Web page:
Who am I to criticize Michael Mann? He has been nominated for Academy Awards and Golden Globes, has played in competition at the Cannes Film Festival and, more importantly, has made some films that I really respect and admire: Manhunter, Collateral and, of course, Heat. I have made four features with combined budgets of barely $500K, and been nominated for none of the aforementioned awards. Who am I to say he has made a bad film? This is why I’m struggling to write this piece, why I really kind of dreaded it, because I seriously disliked this movie.
The plot is pretty simple and one we’ve seen before, most notably in The Rock. A series of cyber-terrorist attacks is committed (one at a nuclear power plant in China, nearly sending it into meltdown, the other on the stock market, to boost the price of soy), and every legitimate, government-employed specialist is baffled. Therefore we must call in the bad-boy-with-a-heart-of-gold hacker (Chris Hemsworth), who also happens to be in prison, to consult on the case. I’m not sure why it is that, every time that the FBI (or some equivalent organization) needs an outside expert, they are always imprisoned. But I digress.
We then begin to jump around, as these capers tend to do, from one exotic locale to the next — China to L.A., back to China, then Malaysia and finally Indonesia — as Hemsworth stays two steps ahead of everyone else, not only as the world’s greatest hacker, but apparently as its greatest detective as well.
I have to say I just don’t see the point of traveling to all these different locations. I suppose on paper it makes the film look bigger, but if you’re just going to use chaotic, shallow focal-length, handheld medium shots when you get there, is it really making a difference? I can only assume this was motivated on some level by where the film’s funding came from.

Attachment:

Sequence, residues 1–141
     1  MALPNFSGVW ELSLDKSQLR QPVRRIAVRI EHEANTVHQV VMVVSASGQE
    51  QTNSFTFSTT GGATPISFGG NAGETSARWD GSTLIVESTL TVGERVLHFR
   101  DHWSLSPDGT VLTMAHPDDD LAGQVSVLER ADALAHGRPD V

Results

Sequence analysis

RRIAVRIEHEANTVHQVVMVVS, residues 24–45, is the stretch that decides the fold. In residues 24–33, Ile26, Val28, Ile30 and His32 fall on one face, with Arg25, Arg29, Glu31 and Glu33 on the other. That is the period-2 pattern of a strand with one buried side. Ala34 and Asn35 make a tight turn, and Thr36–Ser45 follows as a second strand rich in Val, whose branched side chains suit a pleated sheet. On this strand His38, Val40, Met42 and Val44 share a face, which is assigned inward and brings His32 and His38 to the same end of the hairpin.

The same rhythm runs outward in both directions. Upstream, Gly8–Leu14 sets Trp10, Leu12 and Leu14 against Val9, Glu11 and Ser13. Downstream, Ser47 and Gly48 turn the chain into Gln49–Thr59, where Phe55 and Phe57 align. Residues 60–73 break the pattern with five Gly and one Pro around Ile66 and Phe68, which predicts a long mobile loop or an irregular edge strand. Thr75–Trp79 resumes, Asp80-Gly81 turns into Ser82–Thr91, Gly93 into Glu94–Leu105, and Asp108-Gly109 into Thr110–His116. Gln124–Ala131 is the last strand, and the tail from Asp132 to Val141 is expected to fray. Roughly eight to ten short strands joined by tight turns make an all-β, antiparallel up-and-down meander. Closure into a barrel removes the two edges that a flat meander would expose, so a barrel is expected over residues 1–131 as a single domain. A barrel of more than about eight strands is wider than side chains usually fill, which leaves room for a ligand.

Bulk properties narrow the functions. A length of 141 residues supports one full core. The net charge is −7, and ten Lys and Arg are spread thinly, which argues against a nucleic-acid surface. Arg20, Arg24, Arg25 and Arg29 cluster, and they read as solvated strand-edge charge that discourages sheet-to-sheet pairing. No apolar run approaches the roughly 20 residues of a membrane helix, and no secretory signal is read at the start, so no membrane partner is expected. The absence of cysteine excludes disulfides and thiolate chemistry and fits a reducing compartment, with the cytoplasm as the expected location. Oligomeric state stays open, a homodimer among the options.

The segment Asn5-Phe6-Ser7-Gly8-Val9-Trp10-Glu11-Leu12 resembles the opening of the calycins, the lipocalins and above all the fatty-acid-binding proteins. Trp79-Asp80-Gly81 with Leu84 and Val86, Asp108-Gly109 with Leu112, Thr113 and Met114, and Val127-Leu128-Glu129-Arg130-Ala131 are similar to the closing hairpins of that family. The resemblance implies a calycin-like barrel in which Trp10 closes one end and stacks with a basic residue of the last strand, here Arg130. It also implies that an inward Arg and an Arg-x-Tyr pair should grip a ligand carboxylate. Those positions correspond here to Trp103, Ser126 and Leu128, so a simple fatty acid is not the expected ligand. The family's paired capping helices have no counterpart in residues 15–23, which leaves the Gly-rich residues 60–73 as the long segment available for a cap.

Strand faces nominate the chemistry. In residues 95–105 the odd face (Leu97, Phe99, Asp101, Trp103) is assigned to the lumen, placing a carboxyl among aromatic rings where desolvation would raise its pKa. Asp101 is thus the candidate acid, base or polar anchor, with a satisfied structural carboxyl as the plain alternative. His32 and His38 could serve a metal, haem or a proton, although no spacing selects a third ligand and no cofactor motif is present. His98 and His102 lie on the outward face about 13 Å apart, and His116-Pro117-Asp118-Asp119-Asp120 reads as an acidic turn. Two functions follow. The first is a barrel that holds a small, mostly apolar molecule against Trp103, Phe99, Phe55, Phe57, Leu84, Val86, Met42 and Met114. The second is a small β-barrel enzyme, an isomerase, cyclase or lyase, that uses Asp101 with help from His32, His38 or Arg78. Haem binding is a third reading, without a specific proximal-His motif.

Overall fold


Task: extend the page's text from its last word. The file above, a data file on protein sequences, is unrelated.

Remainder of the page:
I’ll spare you the complaints about how we’re supposed to swallow the idea of a ripped-up, 6’2” Hemsworth (Thor, for Chrissake) as a… hacker. I get it, you have to sell a movie, and having the one of the leads from one of the biggest cinema franchises in the world doesn’t hurt. I’ll also try not to harp on the logical pitfall of all of these cyber thrillers: that when you put the right person behind a keyboard they can accomplish anything — steal any identity, break into any secure server in existence, reverse the orbit of the Earth around the Sun — all in a matter of seconds. No, my biggest overall gripe with blackhat was the “romantic relationship” between Hemsworth and Wei Tang.
Tang plays Chen Lien, another beautiful hacker and the sister of Chen Dawai (Leehorn Wang), the Chinese agent who convinces the FBI to release Hemsworth and also happens to be his former roommate at MIT. The relationship between Tang and Hemsworth is one of the most forced, contrived and awkward that I’ve ever witnessed on screen. Completely devoid of any chemistry, these two have known each other literally less than 24 hours, have barely spoken a word to one another, but just happen to find themselves occupying the same space alone for a moment and are instantly willing to give up everything in their lives to be together. Well, she is, at least, because she’s the woman, and her life doesn’t really matter.
It’s like that age-old notion of getting animals to mate in a zoo. Just put one of each gender in a cage and eventually they’ll fuck. Except, instead of pandas, they are gorgeous hackers. Instead of a cage, it’s an abandoned floor of a skyscraper in Hong Kong, and instead of fucking, they are rolling around on a bed in blue light (and where did that bed come from?).
Lastly, it would be remiss of me not to mention my confusion about how Hemsworth is not only granted furlough from prison, but somehow seems to be deputized as an international special agent as well. He’s supposed to be a consultant on codes — so why is he involved in raids of potential suspect hideouts, wearing a bulletproof vest, brandishing a weapon, and even running ahead of the fucking SWAT team during said raids? These kinds of ludicrous moments that just made it increasingly difficult for me to take this film seriously.
And that’s unfortunate. Mann has shown us many times that he is a gifted filmmaker, and there are really too few of those out there. Furthermore, there’s no disputing the relevance of the overall subject matter of blackhat, especially given the recent, now infamous hack at Sony. What’s regrettable is that this fascinating and timely concern comes wrapped in a narrative that is, at the end of the day, rather boring and far-fetched.
But then again, maybe I’m wrong. Who am I to criticize Michael Mann?